BEIRUT: Eighty-nine percent of respondents in a recent poll said they trusted the Lebanese Armed Forces to ensure the country’s stability, while 80 percent felt the same way about the religious leadership and 75 percent about the judiciary.
In contrast, just 19 percent of those polled — regardless of their religious beliefs — thought political parties could be trusted to ensure stability.
On Hezbollah, opinions were divided. The poll, conducted by Zogby Research Services, found that 48 percent of respondents had confidence in it to secure Lebanon’s stability, while 52 percent did not.
Almost two-thirds of those polled expressed the belief that the “weapons and forces of the resistance should be under the control of the LAF and this includes a majority of respondents in every sectarian community.”
The poll was carried out in September, 10 days after the formation of Najib Mikati’s government. The respondents were adults from various Lebanese regions and sects, and all said they were optimistic about the future despite the current situation being worse than it was five years ago.
A total of 869 people were asked their opinions on the economic crisis in Lebanon, how it has affected citizens and how far they trust state institutions. They also gave their views on Lebanon’s relations with other countries, the political regime and their hopes for the upcoming legislative elections.
Speaking at an event organized by the AUB Issam Fares Institute for Public Policy and International Affairs, also attended by Arab News, James Zogby, who owns the polling company, said: “The developments Lebanon has faced of late led to breaking the existing regime which needs reform, but the ruling political elite does not want to admit that.”
Zogby, who is also the founder and president of the Arab American Institute, said the poll showed that respondents had been seriously affected by shortages of fuel (97 percent), electricity (89 percent) and drinking water (74 percent). More than a third of people reported having to go without food on some occasions, with one in five from poor backgrounds saying they or members of their families had “very often gone without meals because of a lack of money or available food.”
“Almost two-thirds said they don’t have enough income to make ends meet. And when asked to identify the most pressing economic problems facing the country, far and away the two issues they pointed to were the collapse of the lira (Lebanese pound) and corruption. Given this dire situation, almost two-thirds of all respondents said they would emigrate if given the opportunity,” Zogby said.
He added that about 65 percent of respondents thought the “Oct. 17 revolution was beneficial for the country’s stability, while 29 percent said parliament does not ensure stability.”
Seventy-six percent of respondents under the age of 30 were more confident in the revolution ensuring Lebanon’s stability.
When asked whether Lebanon should strengthen or weaken its ties with other countries, only France scored well, with respondents supporting strengthening ties with Paris by a ratio of two to one.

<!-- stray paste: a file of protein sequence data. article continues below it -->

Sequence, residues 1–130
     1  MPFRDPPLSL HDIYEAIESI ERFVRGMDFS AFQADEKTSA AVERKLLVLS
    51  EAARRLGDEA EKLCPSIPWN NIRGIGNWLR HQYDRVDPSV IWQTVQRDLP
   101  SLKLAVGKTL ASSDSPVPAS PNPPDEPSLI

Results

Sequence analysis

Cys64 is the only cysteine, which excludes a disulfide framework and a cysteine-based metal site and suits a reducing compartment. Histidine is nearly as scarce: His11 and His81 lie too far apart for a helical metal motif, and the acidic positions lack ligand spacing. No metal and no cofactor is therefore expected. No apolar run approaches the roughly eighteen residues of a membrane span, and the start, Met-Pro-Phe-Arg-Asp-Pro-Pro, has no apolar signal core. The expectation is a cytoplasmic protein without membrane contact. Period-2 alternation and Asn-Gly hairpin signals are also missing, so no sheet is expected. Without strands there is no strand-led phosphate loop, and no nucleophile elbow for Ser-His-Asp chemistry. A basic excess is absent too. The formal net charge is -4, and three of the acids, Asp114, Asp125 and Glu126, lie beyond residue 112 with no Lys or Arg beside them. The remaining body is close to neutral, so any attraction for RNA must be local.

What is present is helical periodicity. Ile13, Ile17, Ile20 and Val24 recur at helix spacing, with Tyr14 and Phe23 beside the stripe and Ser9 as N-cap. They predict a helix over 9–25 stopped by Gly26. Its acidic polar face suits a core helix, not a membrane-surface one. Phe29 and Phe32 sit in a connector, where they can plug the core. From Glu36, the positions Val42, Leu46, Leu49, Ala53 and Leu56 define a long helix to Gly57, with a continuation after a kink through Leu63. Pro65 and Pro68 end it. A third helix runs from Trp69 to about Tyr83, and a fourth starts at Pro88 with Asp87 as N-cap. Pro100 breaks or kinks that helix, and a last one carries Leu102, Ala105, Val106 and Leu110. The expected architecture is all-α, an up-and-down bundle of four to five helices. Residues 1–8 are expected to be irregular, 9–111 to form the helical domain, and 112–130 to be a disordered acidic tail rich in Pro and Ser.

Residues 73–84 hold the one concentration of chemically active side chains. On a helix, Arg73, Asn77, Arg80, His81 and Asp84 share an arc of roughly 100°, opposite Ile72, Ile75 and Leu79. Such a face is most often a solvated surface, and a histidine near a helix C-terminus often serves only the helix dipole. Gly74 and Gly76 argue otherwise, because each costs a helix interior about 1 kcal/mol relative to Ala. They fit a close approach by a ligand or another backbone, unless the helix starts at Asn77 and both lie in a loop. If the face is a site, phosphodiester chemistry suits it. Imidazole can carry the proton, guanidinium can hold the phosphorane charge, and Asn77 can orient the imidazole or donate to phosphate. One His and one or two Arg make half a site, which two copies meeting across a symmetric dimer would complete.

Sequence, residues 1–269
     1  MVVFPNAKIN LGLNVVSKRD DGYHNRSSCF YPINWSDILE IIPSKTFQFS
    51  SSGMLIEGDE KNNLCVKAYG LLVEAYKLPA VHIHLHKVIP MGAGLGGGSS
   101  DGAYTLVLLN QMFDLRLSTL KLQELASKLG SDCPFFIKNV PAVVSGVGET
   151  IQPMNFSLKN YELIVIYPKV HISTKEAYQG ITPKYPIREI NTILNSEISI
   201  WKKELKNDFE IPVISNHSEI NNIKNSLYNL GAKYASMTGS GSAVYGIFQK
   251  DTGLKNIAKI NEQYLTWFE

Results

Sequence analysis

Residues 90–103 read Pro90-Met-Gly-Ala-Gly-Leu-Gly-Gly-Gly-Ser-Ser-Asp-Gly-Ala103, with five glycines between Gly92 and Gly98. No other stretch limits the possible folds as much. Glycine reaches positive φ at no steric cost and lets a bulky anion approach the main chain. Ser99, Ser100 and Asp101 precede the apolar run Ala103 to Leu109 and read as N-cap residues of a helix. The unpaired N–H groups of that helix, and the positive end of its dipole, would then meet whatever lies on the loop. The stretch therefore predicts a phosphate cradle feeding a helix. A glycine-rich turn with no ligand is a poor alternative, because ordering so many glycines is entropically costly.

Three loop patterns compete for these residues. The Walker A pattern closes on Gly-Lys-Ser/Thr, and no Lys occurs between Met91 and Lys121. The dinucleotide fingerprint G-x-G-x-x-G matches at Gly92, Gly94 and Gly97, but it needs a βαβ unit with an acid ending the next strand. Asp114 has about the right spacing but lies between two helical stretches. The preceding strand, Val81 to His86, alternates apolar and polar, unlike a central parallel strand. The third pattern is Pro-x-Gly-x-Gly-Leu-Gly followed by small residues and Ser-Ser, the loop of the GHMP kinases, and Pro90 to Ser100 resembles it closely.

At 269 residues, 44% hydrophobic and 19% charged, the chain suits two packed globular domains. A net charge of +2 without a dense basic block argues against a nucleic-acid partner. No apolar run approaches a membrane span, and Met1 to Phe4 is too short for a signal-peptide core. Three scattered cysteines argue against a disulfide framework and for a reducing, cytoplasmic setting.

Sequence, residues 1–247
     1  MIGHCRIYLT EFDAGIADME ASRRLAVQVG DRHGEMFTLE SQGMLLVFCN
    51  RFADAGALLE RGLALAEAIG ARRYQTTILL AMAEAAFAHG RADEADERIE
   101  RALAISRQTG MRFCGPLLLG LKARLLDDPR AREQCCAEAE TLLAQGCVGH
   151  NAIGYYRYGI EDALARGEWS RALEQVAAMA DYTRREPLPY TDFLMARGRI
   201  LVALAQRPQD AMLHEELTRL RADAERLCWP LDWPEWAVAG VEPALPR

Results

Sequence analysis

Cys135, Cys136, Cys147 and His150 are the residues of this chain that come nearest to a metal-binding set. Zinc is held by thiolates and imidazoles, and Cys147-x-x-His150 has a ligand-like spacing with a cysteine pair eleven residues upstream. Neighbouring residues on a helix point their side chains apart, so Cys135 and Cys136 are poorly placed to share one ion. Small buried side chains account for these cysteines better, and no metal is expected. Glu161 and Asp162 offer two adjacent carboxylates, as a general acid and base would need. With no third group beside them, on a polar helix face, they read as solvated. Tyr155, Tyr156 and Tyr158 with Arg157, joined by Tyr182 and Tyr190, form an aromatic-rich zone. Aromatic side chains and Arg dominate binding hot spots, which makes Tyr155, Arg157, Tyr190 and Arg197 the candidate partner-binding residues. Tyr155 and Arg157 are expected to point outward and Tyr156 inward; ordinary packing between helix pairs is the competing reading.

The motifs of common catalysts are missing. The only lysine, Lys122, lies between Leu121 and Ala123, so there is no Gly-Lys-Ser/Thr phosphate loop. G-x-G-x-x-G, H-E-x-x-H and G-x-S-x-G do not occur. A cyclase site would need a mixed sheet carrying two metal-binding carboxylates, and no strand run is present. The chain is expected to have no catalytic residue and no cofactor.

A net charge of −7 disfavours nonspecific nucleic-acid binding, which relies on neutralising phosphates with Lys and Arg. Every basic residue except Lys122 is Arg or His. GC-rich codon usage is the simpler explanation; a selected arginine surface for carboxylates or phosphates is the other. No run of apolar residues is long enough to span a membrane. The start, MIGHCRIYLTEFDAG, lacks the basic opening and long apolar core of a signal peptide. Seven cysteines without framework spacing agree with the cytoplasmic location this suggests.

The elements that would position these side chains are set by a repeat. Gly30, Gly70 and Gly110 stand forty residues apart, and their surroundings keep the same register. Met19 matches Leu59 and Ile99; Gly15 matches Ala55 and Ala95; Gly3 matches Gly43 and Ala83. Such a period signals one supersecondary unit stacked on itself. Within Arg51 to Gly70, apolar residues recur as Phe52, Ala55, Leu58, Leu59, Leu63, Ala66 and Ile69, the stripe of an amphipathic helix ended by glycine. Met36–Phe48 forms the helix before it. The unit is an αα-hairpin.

On the US and Iran, a third of people said ties should be strengthened, a third said they should be weakened and a third said they should remain as they were.
Zogby said that respondents, “seemed optimistic of change in the next legislative elections,” with almost 60 percent expressing some confidence that they would “bring the political change Lebanon needs.”
That attitude may be due to the fact that two-thirds of respondents said they would be voting for the “new alternative parties, with this holding true for all demographic groups. Only one in five said they will vote for the traditional parties.”
This rejection extends to the Taif agreement, with almost 60 percent saying Lebanon should dispose of the Taif formula and “adopt a new constitutional model of governance.”
The results of the poll — which Dr. Fadlo Khoury, president of the American University of Beirut, said was based on reliable sources, and which was praised by Dr. Joseph Bahout, director of the Issam Fares Center for Public Policy and International Affairs at AUB — also raised a number of questions.
Dr. Brigitte Khoury, founding director of the clinical psychology training program at AUH, said: “People need food and health security, in addition to security itself. Every day brings new challenges to the Lebanese, which prevents them from planning for the future or from dreaming of a better future.”
She added that after the explosion of the port of Beirut, “people became more desperate and depressed, while the level of tension rose and people lost their power and control, and this is the hardest thing that a human being could face, and it could acquire a violent tendency especially among people who live through shocking events.”
Khoury said that if the “elections do not take place then I fear that people will further lose their power and control especially if there is no justice or a sound judiciary.”
Dr. Jamil Mouawad, a political scientist, expressed his fear that the “institutions which the Lebanese still trust might be a target for the untrustworthy political powers. We see how the judiciary and the military institutions are getting besieged by the politicians.”
He was skeptical about the “possibility of the next parliamentary elections producing promising changes if the parties in power revert to confessional polarization and to using money.”
The Lebanese “should agree on a political plan to get out of the crisis and this is something that is not clear. And the question that needs an answer is what is the political regime that the Lebanese want, and what are we protesting against?”
Mouawad said that “the ones who participated in the Oct. 17 revolution lack experience and should have history lessons to see what has happened.”